A year later, Watson’s biggest challenge is trying to balance a different but still-mismatched roster.

Markieff Morris, team leader

After months of discontent, new coach Earl Watson hung his hat on Markieff Morris from the day he took the full time job as Suns coach.

"He is the main focus of our offense moving forward, we know that," Watson said of Morris, who'd spent more time on the bench than on the floor all year. "That's part of talking about your role with this team, he went out there every play and that was his role, to lead us. He accepted that."

What could possibly go wrong?

Ten days later, the Suns new team leader decided to show his leadership by grabbing Archie Goodwin by the throat and throwing him down in a timeout of yet another loss.

Again, I encourage you to click these links. It’s fun to remember the good ol’ days, and see your own comments on the matter at the time now that you’ve got some hindsight.

Turns out, the Suns and Morris’ mutual agreement to showcase him to other teams worked. He was finally traded on February 18 to the Wizards. The Wizards missed the playoffs, while the Suns eventually turned the pick into Marquese Chriss.

Ryan McDonough later gave credit to Watson for making Morris tradable, saying he’d have traded Morris months before if only another team had offered a first round pick earlier.

Alex Len, #1 scoring option

After trading Markieff Morris, and in the wake of injuries to all the team’s top scorers, new coach Earl Watson turned to Alex Len to become the Suns top scoring option.

"I texted him today. I said, ‘hey Len, are you ready to start?'. He texted me back, ‘whatever you want'. I said ‘it's time. It's time for you to make that step forward. It's time for you to be our number one option.'"

Len responded with 22 points and 16 rebounds, including 8 impactful points in the 4th quarter to answer Grizzlies scores that could have served to crumble the Suns' confidence.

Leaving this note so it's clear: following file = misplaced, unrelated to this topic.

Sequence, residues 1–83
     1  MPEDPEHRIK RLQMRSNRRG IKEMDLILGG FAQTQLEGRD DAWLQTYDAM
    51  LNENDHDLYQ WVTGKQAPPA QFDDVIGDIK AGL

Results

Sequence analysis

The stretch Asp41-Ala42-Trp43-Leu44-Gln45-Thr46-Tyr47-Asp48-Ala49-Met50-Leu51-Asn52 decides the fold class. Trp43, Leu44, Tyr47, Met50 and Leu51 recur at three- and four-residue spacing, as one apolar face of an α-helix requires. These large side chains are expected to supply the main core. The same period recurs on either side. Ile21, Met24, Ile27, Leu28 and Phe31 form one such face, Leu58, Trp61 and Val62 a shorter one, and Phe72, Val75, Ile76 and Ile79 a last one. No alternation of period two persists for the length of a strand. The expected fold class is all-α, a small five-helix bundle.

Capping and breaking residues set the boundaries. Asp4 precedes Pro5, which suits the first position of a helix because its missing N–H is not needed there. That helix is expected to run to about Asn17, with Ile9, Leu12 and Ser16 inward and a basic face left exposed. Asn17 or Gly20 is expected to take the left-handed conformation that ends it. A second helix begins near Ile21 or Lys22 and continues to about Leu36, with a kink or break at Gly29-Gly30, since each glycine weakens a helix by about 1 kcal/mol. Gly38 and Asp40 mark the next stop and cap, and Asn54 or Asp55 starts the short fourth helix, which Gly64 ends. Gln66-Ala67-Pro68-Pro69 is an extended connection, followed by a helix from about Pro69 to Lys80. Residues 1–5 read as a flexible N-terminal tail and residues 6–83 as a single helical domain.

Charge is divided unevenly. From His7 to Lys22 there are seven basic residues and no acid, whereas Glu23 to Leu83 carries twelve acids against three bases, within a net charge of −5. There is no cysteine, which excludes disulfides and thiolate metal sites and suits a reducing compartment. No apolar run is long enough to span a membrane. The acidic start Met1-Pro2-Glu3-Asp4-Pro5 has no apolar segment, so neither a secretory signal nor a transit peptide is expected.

To be fair, Len was the most likely candidate on the roster Watson was given. You don’t declare free-agent-to-bes Mirza Teletovic or Jon Leuer your future. And you don’t hang your hat on 33-year old Tyson Chandler.

So Alex Len it was. Sorry, Alex.

Len did post a few big games, including a 31-point, 15-rebound game and he did go on to become one of only a few NBA players who averaged a 10+ points and 10+ rebounds in the second half of the season.

But along the way, Len also showed he’s not a long-term top scoring option, and very nearly avoided the ignominious honor of worst FG% in league history for a 7+ footer.

Devin Booker, future star

I could post a hundred links on this topic, but you don’t need them. Booker was the brightest side of 2016 for the Phoenix Suns and still remains in that position today.

As the 2015-16 wound down, and the summer dragged on, All-Rookie First-teamer Booker remained the one light that couldn’t be dimmed in the Phoenix Suns’ future.

Alex Len and Archie Goodwin came and went, to varying degrees. T.J. Warren keeps suffering injuries at the worst time. Same with Eric Bledsoe.

It’s Devin Booker’s world, and we’re all just living in it.

Earl Watson, permanent coach

In a surprising move, the Suns kept all their eggs in the one basket named Earl Watson. Throw this decision in with the several years of head scratchers.

Despite zero coaching experience on any level beyond one year as an assistant in D-League and three months coaching the Suns to a 9-24 record, Watson got the job.

On the plus side, the players love Watson and asked Suns management to bring him back. On the minus side, they didn’t even interview anyone else!

It’s okay to hire the guy you want. It’s not okay, in my opinion, to refuse to even interview other candidates. At the least, you get to hear how THEY would handle the roster in place. It’s all part of gathering information. Information is power, and helps you make better decisions.

It might still work out long term for the Suns to have hired Watson. But the Suns rolled the dice there.